How the Mormon Church Unlocked Medical Pot For Deep Red States

If you’ve been wondering how the Mormon church has changed state laws, read on. A former state lawmaker defended the church, saying it opened the door to new treatments. But if you’re still not convinced, consider the broader coalition behind the initiative. It’s not just the church that’s changing law. Some wealthy donors have joined forces with opponents of the measure, too.

Utah’s medical marijuana initiative is a test case for the Mormon church’s position on cannabis. It is the first time that the church has officially weighed in on the issue. While medical marijuana is legal in more than two dozen states, it is still illegal under federal law. While this law hasn’t been passed in Utah, it is not yet effective in preventing people with certain conditions from using the drug.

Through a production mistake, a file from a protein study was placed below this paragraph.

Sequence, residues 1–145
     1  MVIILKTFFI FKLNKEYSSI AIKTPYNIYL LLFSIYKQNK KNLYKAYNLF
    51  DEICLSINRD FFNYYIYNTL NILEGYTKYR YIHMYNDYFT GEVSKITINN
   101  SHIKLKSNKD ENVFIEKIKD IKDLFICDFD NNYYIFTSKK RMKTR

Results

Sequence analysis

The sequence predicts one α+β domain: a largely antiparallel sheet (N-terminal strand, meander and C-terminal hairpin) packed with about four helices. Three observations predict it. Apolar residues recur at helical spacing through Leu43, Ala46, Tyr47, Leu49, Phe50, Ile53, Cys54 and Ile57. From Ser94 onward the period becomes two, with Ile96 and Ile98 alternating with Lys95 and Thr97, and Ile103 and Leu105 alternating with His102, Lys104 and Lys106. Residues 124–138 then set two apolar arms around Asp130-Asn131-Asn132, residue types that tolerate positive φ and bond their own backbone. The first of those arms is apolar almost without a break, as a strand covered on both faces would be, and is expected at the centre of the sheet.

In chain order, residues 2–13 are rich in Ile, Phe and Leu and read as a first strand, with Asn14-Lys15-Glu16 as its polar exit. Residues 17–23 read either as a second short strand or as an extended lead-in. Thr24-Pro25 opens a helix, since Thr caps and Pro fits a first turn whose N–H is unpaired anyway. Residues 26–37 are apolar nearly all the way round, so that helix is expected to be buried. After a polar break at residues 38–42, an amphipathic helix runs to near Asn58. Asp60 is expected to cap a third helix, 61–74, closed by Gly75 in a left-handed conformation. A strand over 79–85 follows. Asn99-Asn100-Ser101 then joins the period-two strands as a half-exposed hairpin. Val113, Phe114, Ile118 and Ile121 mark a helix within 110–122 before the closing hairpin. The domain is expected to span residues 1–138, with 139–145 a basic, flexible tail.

The Church of Jesus Christ of Latter-day Saints spent years fighting the new cannabis laws in Utah. But after a poll showed that the public was in favor of medical cannabis, the Mormon church was a major player in brokering a deal that led to legalization in the state. Ultimately, the church agreed to a compromise that rolled back a broader medical marijuana ballot measure passed by voters in 2018.

The Gaetz probe includes a look at potential public corruption in the medical marijuana industry. A study in the Death Valley prison linked medical marijuana legalization to an increase in fatalities. But the Gaetz investigation goes beyond one-time offer this to investigate the possible public corruption tied to medical marijuana. This is only the beginning. More investigations and legalization are necessary. But the Mormon church’s role in the debate is still a powerful force.

A recent meeting of Utah’s state legislators in the Gold Room led to a deal that would legalize medical marijuana for patients in the state. The LDS Church, which claims more than 60 percent of the Utah population, has worked behind the big bud xxl strain scenes to prevent Proposition 2 from becoming law. It has also bolstered the opposition to medical marijuana. If Utah’s voters vote for medical marijuana in November, the LDS Church may be one of the key players in making this happen.